Simple Tips For A Good Night Sleep
Did you know that good sleep is an essential pillar for good health? Poor sleep can contribute to everything from food cravings to chronic health conditions. So, it’s important to get the best sleep you can.
Time your caffeine right
There’s nothing wrong with enjoy caffeine in moderation, whether it be that latte or green tea. But caffeine can stay in your system for a good amount of time.
The half-life of caffeine – how long it takes to eliminate half of the caffeine – is around 5 hours. Think about it, if you have a double-shot coffee at 3pm, you still have the equivalent of one shot of coffee in your system by 8pm.
Caffeine is a central nervous system stimulant, making the individual more alert, increasing cognitive function and enhancing physical performance; not the sort of thing you want when you need to sleep.
Some people are more sensitive to caffeine than others. This comes down to how quickly you metabolise it – some people can still feel wired after 6+ hours. If you’re experiencing sleep issues, try keeping your coffee to the morning for a few weeks.
Minimise any bright light at night
When we used to live in caves, the sun going down would be the end of our day. But when we come home these days, we have bright lights in every room.
If you’re exposed to bright light, your body thinks that it’s daytime. This can switch off production of your main sleep chemical, melatonin. Therefore, when you go to lie down in the dark, it can take hours for your body to get the message that it’s time to sleep. This doesn’t mean you have to go stumbling around in the dark. But you might want to switch from overhead lights to lamps in the evening and turn off any lights that aren’t necessary.
The same goes for technology like TV, tablets and smartphones. It’s best to have a minimum of 30 minutes tech-free before bed. It is best to remove electronic devices from the bedroom. Besides emitting electromagnetic radiation, which is not conducive to sleep, televisions emanate a bright artificial light, which can confuse the brain about wake and sleep times (especially if watched in bed or close to bed time). Clocks can cause distraction and anxiety about time, if not having one is too inconvenient, then at least turn them away from the bed, or pop them in a bedside draw.
If it is really necessary for you to continue to use technology at night, for example, a business owner; blue-light blocking apps and programs like f.lux and Twilight are a good safe guard to use to reduce the effect of the bright artificial light.
Find a way to de-stress
A common cause of poor sleep is high stress levels. You lie down for the night, only to have a million thoughts and to-do items rush through your mind.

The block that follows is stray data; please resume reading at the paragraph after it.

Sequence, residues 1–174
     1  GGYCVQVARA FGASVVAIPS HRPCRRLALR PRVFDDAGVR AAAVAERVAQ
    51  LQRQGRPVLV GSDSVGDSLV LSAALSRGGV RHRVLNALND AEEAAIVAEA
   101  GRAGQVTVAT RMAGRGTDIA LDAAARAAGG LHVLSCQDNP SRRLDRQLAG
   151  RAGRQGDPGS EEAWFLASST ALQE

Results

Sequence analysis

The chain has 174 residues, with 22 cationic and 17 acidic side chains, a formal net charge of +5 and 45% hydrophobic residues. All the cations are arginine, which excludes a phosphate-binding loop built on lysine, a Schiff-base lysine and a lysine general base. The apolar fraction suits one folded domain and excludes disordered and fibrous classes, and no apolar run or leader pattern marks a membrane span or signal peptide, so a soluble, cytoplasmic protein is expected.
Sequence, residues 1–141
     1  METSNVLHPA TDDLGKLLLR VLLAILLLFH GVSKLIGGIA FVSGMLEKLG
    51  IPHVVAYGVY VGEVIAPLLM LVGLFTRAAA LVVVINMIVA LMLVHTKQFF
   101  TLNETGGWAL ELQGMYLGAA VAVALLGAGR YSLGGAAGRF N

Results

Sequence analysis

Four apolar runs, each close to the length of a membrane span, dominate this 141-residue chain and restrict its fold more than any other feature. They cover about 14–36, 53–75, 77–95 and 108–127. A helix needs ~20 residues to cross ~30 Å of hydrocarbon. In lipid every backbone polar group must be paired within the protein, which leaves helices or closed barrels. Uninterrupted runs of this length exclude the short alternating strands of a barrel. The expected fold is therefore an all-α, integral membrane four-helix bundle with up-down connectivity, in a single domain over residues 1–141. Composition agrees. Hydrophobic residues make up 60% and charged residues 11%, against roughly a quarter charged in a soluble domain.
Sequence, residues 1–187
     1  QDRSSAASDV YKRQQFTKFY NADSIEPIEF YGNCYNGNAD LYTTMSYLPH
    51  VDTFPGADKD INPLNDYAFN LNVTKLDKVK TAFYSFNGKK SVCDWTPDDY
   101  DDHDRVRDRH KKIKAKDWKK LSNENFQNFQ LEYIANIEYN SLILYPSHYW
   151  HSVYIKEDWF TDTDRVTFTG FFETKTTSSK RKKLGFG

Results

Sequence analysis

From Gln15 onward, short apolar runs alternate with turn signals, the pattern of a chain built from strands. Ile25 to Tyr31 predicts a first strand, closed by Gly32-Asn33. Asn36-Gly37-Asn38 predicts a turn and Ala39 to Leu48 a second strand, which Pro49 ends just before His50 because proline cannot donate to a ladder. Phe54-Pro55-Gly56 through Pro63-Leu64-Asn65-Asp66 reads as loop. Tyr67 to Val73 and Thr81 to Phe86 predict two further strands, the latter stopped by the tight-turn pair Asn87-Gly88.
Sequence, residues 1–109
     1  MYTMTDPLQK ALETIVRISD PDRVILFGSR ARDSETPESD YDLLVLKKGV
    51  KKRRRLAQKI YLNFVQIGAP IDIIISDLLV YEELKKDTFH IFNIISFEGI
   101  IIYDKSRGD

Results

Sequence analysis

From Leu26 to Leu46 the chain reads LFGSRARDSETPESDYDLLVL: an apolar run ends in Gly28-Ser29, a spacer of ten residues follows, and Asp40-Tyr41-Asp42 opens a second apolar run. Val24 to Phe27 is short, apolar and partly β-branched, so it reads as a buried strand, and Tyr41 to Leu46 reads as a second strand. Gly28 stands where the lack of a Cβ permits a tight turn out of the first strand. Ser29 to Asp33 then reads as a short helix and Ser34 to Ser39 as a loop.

There are dozens of ways to reduce stress naturally – it depends on what you prefer. Some ideas might be:
- Talking with a partner or friend about your day
- Tai chi
- Sipping a cup of herbal tea
- Having a warm shower
- Going for a walk around the block
- Read a chapter of a book
- Diaphragmatic breathing or abdominal breathing which flips your body from the flight or fight response to the more relax and rejuvenate system. By focusing on your breathe you slow your breathing, heart rate and distract your mind from its racing thoughts. Read more about it here
Create a night ritual
Habits and routine can tell our bodies what we’re likely to do next. A good way to ‘train’ your body to sleep at the correct time is to have a routine that you do each night before bed.
This routine can be as little as 30 minutes. Maybe you have a shower and change into your pyjamas, then make a cup of sleep-blend tea. As you sip your tea, you might review your to-do list for the following day. Maybe you set out your clothes or perhaps making lunches for the next day while your tea infuses.
If you make small habits that support sleep part of your regular routine, you’re more likely to get a good night sleep on a regular basis.
If you’re constantly struggling to sleep, it’s important to create a diet and lifestyle to support good sleep. If you would like to know more about how you can address some of the issues surrounding your disordered sleep, make a booking to see me now.
Drinking a shot of tart cherry juice, cottage cheese on a cracker or eating a handful of walnuts before bed can boost melatonin naturally!